The women appear to be every bit as strong in presence as the men. They direct whatever work unfolds before them, and even partake in some of the heavier lifting. Everyone who is able to work is expected to. This is probably the most respectable aspect of these people as far as I have seen.
Bantish bid us rest a night, and although I begrudge him withholding his help at least he gives us time to recuperate. I doubt I’ve ever felt as tired as I do right now, lying on my mat writing these words. The last week of travel through this jungle has made me ache to my bones.
In some strange way it makes me smile. I welcome a new challenge – I haven’t had a good one in a long time.
Journaling like this has been cathartic – and my sketches give me some small glimmer of joy. It takes me back to more certain times, allowing the flow of the pen to carry itself across the page. It is strange how you can find nostalgic peace couched in the crux of exhaustion. How moments of peace spring upon you in the midst of constant danger.
Tomorrow we set out directly east. Bantish says that’s where the heart of this menace will be found. They’re some form of ape, although he claims that there has never been such a ferocious breed in all his years. Something darker is afoot in the jungles near Bantish’s village. Something that seeks to undo him, and anyone else who would enter this territory.
We have no choice but to seek it out and kill it for him. If this is what I must do to move closer to my goal of finding Salisir, so be it.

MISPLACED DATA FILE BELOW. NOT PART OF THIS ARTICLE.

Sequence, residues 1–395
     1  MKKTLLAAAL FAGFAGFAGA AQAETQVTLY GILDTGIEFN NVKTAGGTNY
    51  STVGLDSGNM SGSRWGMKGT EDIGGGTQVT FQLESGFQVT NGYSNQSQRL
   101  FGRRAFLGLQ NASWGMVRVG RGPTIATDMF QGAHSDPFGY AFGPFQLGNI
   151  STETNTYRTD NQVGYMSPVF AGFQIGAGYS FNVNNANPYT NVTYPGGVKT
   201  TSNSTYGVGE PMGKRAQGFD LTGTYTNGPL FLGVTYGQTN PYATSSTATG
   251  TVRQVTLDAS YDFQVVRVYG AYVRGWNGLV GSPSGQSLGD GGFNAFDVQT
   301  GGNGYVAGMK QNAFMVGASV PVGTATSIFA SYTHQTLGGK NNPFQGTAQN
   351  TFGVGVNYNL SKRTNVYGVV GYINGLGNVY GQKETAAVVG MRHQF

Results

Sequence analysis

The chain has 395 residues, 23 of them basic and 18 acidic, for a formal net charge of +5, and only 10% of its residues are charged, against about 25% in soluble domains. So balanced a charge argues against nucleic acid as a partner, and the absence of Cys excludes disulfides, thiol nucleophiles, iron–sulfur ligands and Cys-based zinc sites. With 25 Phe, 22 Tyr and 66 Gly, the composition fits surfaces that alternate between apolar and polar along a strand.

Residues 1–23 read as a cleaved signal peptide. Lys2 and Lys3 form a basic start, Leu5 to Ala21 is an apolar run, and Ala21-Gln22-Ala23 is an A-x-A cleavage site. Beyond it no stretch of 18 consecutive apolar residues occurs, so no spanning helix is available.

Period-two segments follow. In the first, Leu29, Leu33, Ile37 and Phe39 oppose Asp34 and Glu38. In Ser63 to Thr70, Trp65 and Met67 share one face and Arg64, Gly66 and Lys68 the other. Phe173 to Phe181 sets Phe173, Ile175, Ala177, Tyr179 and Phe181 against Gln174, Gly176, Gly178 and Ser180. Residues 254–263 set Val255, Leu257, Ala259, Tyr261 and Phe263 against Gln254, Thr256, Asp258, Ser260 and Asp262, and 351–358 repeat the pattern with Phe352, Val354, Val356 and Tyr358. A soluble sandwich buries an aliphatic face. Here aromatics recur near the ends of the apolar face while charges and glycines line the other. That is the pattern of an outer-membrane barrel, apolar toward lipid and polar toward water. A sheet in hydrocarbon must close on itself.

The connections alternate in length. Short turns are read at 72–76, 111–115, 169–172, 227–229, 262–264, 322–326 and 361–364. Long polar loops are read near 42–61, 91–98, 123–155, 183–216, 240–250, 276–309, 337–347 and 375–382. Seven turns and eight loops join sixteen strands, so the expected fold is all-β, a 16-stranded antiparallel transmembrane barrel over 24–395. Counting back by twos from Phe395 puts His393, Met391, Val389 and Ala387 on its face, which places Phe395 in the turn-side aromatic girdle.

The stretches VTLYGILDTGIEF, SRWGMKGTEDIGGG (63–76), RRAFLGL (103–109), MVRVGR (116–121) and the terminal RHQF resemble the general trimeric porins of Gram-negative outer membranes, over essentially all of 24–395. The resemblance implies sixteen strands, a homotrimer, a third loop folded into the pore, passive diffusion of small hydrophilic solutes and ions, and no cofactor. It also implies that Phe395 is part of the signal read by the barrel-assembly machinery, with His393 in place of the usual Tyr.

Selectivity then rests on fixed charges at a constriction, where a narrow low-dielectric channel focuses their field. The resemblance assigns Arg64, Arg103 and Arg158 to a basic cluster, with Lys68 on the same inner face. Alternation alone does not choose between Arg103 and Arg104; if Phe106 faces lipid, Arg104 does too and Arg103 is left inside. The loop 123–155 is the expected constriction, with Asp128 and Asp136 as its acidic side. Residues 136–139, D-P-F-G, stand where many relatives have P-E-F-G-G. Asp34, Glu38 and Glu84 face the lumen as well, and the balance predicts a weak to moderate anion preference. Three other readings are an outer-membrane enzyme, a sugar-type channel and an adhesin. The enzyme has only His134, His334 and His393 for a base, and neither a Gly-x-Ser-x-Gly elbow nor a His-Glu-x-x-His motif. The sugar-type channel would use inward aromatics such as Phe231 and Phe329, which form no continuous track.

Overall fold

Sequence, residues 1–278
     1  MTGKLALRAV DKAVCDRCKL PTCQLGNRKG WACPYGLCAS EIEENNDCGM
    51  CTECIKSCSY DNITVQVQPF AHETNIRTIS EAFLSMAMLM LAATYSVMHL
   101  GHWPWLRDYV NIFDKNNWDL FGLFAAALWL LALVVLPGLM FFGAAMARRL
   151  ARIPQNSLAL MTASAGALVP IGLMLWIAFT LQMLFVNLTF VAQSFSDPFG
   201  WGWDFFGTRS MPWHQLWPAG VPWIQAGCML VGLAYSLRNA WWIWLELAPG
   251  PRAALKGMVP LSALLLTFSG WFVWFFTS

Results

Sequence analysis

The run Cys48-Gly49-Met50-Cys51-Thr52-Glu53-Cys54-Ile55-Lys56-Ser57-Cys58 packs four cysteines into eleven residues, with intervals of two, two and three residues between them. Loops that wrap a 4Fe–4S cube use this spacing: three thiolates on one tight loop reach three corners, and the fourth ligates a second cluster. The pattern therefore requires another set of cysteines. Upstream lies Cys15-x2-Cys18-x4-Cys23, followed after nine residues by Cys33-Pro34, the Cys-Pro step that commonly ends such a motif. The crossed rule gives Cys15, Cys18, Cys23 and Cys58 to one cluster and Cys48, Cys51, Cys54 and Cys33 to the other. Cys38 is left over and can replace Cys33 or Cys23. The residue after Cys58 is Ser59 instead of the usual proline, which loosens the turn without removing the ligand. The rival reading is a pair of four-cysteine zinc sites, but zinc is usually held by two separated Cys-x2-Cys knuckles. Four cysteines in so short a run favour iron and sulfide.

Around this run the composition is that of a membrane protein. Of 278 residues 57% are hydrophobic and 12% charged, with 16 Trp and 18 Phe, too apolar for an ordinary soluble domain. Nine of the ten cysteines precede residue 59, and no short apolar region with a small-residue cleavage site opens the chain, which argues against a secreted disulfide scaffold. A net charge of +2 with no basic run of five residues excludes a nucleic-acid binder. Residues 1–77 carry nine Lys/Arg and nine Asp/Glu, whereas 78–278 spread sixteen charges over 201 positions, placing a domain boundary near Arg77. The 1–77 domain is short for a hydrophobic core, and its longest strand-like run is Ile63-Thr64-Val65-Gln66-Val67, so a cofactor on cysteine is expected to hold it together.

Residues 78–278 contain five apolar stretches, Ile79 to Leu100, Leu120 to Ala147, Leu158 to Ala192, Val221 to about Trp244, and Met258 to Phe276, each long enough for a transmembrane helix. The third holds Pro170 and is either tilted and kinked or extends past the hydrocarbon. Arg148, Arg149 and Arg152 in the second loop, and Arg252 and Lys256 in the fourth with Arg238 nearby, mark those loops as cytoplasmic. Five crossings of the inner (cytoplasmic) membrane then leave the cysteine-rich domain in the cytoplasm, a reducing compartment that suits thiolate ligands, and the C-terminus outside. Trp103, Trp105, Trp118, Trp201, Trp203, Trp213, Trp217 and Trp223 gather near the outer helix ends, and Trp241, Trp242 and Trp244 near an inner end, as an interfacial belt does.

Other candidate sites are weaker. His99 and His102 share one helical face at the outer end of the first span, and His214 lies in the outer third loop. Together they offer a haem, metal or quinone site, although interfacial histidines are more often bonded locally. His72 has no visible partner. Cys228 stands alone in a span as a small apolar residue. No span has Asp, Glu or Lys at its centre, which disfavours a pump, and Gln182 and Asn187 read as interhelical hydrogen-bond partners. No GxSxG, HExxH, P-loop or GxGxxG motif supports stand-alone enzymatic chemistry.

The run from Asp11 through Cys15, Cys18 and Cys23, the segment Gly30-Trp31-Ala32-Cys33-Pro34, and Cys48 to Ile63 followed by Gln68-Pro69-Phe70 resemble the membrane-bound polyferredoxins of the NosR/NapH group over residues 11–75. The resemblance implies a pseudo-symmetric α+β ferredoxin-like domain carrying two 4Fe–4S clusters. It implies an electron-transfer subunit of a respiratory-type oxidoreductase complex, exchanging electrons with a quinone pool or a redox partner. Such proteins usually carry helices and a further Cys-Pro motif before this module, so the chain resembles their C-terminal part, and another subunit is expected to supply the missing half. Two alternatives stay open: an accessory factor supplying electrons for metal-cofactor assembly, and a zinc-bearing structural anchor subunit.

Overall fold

Bantish is a small man, especially when compared to my companions. Among them Starlark is by far the smallest, and even he stands a head taller than the little savage. He is wrapped in a fine, brightly colored silk, with bare feet and a small staff to which his few possessions are tied at the top. They rattle as he walks, along with the wooden charms around his neck, but he moves without making a noise.
Bantish is dangerous. Of this I am certain. I have never met a man whose nerves remained so calm in the midst of the carnage we faced last night while moving unarmed. Neither have I ever met one who could move so quietly who did not have good reason to have learned.
He is darker in skin than even Balthandar. His head is clean-shaven, knobby joints protruding like the knots in his staff. His eyes are huge.
He brought us to a waypoint last night. That is the best description I can come up with for it. There is no settlement, only a few rickety lean-to’s built against rocks and an established fire pit covered with ash. It is the first sign of human settlement we have seen since Blithe.
He seemed to be taking measure of us. We were all of us on edge.
It took me the better part of the day to realize that Bantish was speaking the common tongue, but I suppose such oversights are justified in the wake of death’s near-passing.